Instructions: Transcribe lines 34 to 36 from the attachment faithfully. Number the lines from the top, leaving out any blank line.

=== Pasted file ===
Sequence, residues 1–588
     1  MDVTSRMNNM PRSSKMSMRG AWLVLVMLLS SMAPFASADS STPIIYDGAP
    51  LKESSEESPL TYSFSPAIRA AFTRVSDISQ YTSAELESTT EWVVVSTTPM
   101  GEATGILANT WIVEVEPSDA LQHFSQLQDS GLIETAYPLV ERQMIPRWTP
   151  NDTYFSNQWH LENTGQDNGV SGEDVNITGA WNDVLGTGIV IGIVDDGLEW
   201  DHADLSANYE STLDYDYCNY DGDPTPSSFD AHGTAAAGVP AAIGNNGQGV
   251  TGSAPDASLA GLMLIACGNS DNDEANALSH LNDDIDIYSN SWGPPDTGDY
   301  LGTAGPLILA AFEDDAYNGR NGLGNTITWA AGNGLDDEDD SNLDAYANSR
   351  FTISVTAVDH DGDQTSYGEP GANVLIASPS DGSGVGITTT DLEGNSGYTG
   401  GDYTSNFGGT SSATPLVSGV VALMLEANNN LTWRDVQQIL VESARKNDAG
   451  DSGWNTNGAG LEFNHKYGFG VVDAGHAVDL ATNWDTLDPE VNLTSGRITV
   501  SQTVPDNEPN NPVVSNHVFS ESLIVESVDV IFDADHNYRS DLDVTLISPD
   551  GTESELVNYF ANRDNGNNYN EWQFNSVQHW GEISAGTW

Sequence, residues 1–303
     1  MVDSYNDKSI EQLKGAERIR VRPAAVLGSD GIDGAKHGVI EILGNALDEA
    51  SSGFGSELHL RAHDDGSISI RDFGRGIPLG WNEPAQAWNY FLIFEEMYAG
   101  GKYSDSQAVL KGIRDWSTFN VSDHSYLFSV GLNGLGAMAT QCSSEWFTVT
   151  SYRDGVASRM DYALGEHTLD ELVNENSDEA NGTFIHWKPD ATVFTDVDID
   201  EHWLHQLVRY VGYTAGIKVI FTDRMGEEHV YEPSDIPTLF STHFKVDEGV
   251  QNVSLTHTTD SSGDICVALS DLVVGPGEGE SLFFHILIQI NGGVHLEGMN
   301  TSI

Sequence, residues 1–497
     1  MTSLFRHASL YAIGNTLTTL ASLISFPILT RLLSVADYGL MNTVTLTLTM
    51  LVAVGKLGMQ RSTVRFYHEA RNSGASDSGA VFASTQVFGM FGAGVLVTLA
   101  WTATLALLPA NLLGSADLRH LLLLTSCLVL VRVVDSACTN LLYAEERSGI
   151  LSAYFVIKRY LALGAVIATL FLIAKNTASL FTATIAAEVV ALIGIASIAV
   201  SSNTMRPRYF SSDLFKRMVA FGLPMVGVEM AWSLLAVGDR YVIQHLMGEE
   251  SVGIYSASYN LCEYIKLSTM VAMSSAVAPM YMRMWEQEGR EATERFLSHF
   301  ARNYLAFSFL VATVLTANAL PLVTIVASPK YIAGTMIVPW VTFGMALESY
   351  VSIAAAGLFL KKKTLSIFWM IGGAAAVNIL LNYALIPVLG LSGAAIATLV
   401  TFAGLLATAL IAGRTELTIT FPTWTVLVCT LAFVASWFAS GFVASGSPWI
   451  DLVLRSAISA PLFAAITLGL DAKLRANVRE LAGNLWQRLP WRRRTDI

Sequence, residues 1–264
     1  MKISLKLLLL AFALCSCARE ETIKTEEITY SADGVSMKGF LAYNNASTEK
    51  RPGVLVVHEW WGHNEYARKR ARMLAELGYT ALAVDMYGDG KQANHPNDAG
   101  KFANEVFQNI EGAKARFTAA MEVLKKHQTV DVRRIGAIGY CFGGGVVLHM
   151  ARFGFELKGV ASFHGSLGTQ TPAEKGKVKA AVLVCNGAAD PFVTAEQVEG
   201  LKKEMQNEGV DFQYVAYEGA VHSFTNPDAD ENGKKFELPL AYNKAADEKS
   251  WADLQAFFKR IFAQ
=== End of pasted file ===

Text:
     1  MKISLKLLLL AFALCSCARE ETIKTEEITY SADGVSMKGF LAYNNASTEK
    51  RPGVLVVHEW WGHNEYARKR ARMLAELGYT ALAVDMYGDG KQANHPNDAG
   101  KFANEVFQNI EGAKARFTAA MEVLKKHQTV DVRRIGAIGY CFGGGVVLHM